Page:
Blog Posts (16)
August 4, 2015
by Kayhan Parsi, JD, PhD
A dozen years ago, polymath and federal appellate judge Richard Posner wrote a book called Public Intellectuals: A Study of Decline.…
June 27, 2011
In one sense, I will grant that celebrities, just as much as any other person on the planet, have a right to speak out in regard to whatever research or clinical issue they feel passionate about.…
March 28, 2010
As previously published in the December 2008 issue of The American Journal of Bioethics, Johns Hopkins researchers Czarny et al told us that medical and nursing students watch television medical dramas in droves (almost 80% of them) and are exposed to moral dilemmas in those dramas that way.…
June 2, 2009
Has anyone in the country–in the world–got an educational platform as large as Oprah’s? Her power is enormous. She banks on the understanding that what women know determines how society rolls.…
June 1, 2009
So Jack Kevorkian’s dream has come true. The flamboyant inventor of the Thanatron and part-time painter of rotting skulls will get his much longed for appearance on the silver screen.…
March 17, 2009
Okay, it’s not quite as provocative as an Anne Rice novel…no vampires or anything, and not anywhere as long, but if you want to read about what our colleague Lisa Eckenwiler is doing at George Mason University, the Washington Examiner will tell you.…
March 2, 2009
Southern Illinois Man Seeks Stem Cell Cure in China. That’s the headline. From KFVS12, Live from the Heartland. Meanwhile, Midwesterners are raffling off big ticket items to make it possible for Chuck Melton, sufferer of a spinal cord injury, to make multiple trips to China, to receive umbilical cord stem cell treatments not available in the United States.…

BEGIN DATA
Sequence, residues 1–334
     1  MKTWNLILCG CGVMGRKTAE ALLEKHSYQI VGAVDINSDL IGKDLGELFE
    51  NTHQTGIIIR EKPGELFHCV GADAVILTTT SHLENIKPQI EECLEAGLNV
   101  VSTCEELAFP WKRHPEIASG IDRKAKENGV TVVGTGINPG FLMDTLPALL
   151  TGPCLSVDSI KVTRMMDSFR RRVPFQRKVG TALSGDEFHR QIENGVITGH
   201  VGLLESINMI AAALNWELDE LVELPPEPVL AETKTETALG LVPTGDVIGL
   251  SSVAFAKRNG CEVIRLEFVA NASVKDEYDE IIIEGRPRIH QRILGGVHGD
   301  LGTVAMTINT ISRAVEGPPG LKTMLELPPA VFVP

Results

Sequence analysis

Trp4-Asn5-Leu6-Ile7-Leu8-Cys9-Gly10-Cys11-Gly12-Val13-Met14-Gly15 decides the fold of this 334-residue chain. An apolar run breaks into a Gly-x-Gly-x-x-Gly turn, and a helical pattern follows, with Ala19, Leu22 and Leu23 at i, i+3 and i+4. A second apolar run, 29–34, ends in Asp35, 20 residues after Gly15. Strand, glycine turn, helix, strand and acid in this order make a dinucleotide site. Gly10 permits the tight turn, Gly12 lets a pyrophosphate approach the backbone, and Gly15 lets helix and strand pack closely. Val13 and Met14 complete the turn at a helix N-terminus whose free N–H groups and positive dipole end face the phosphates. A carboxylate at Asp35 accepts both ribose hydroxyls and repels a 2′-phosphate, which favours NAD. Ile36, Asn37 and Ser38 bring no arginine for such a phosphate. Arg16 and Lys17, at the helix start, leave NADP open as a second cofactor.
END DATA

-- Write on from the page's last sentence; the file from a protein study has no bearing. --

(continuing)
January 7, 2009
Reported by Howard Kurtz at the Washington Post yesterday, Obama administration officials have announced that Dr. Sanjay Gupta of CNN and CBS news fame has been offered the job of Surgeon General of the United States.…
December 8, 2008
Within one 24 hour period last week, two articles discussing science journalism and questions of evidence versus interpretation appeared.
The first was a Washington Post column by Deborah Howell which tried to make “sense of science reporting”.…
November 11, 2008
So, this isn’t news (it originally aired June 16th this year)–but who wouldn’t want to watch Ezekiel Emanuel, Chair of the Department of Bioethics at The Clinical Center of the NIH, duke it out with his two brothers, Rahm–soon to be Chief-of-Staff for the Obama administration–and Ari, on whom the unforgettable character Ari Gold of HBO’s Entourage is based?…
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October 26, 2016 8:00 am
Digital gizmos can monitor your heart, whether it’s a wrist-worn fitness tracker or a smartphone app to help cardiologists analyze diagnostic tests. The question is whether they’re going to do your heart any good. The short answer: It depends.
October 26, 2016 8:00 am
If your heart is going to stop, right outside a hospital is not a bad place for it. And if 41 people within a 330-yard radius have a cellphone app alerting them to your distress, so much the better.
October 25, 2016 8:00 am
Prior to the development of iPSCs, stem cells were derived primarily from eggs fertilized in clinics in vitro that were donated for research purposes. To some, such as President George W. Bush, this was tantamount to abortion. In 2001 he banned federal funding for research on newly created human embryonic stem cell lines. (President Barack Obama lifted that ban in 2009.)